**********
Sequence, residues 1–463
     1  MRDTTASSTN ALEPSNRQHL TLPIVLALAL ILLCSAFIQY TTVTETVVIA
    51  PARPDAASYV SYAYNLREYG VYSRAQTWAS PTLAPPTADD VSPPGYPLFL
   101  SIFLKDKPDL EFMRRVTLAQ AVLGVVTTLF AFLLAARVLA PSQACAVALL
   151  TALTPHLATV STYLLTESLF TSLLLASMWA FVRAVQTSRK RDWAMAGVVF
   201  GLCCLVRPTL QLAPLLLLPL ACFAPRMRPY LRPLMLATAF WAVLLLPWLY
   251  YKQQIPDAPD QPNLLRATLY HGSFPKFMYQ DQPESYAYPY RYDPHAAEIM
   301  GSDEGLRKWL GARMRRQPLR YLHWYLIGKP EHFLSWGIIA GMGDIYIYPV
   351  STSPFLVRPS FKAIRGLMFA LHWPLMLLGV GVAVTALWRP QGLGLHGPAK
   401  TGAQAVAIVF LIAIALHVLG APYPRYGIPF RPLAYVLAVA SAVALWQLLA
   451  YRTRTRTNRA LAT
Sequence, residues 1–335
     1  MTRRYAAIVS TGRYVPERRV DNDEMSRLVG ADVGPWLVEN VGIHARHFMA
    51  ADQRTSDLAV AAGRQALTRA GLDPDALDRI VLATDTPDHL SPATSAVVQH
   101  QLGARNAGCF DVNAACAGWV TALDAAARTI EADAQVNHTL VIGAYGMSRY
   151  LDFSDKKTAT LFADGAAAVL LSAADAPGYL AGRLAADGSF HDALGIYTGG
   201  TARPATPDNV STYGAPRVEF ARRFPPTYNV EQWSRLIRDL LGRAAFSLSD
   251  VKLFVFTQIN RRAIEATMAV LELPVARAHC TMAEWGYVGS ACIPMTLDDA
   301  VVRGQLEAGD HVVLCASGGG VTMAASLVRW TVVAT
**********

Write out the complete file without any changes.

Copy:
Sequence, residues 1–463
     1  MRDTTASSTN ALEPSNRQHL TLPIVLALAL ILLCSAFIQY TTVTETVVIA
    51  PARPDAASYV SYAYNLREYG VYSRAQTWAS PTLAPPTADD VSPPGYPLFL
   101  SIFLKDKPDL EFMRRVTLAQ AVLGVVTTLF AFLLAARVLA PSQACAVALL
   151  TALTPHLATV STYLLTESLF TSLLLASMWA FVRAVQTSRK RDWAMAGVVF
   201  GLCCLVRPTL QLAPLLLLPL ACFAPRMRPY LRPLMLATAF WAVLLLPWLY
   251  YKQQIPDAPD QPNLLRATLY HGSFPKFMYQ DQPESYAYPY RYDPHAAEIM
   301  GSDEGLRKWL GARMRRQPLR YLHWYLIGKP EHFLSWGIIA GMGDIYIYPV
   351  STSPFLVRPS FKAIRGLMFA LHWPLMLLGV GVAVTALWRP QGLGLHGPAK
   401  TGAQAVAIVF LIAIALHVLG APYPRYGIPF RPLAYVLAVA SAVALWQLLA
   451  YRTRTRTNRA LAT
Sequence, residues 1–335
     1  MTRRYAAIVS TGRYVPERRV DNDEMSRLVG ADVGPWLVEN VGIHARHFMA
    51  ADQRTSDLAV AAGRQALTRA GLDPDALDRI VLATDTPDHL SPATSAVVQH
   101  QLGARNAGCF DVNAACAGWV TALDAAARTI EADAQVNHTL VIGAYGMSRY
   151  LDFSDKKTAT LFADGAAAVL LSAADAPGYL AGRLAADGSF HDALGIYTGG
   201  TARPATPDNV STYGAPRVEF ARRFPPTYNV EQWSRLIRDL LGRAAFSLSD
   251  VKLFVFTQIN RRAIEATMAV LELPVARAHC TMAEWGYVGS ACIPMTLDDA
   301  VVRGQLEAGD HVVLCASGGG VTMAASLVRW TVVAT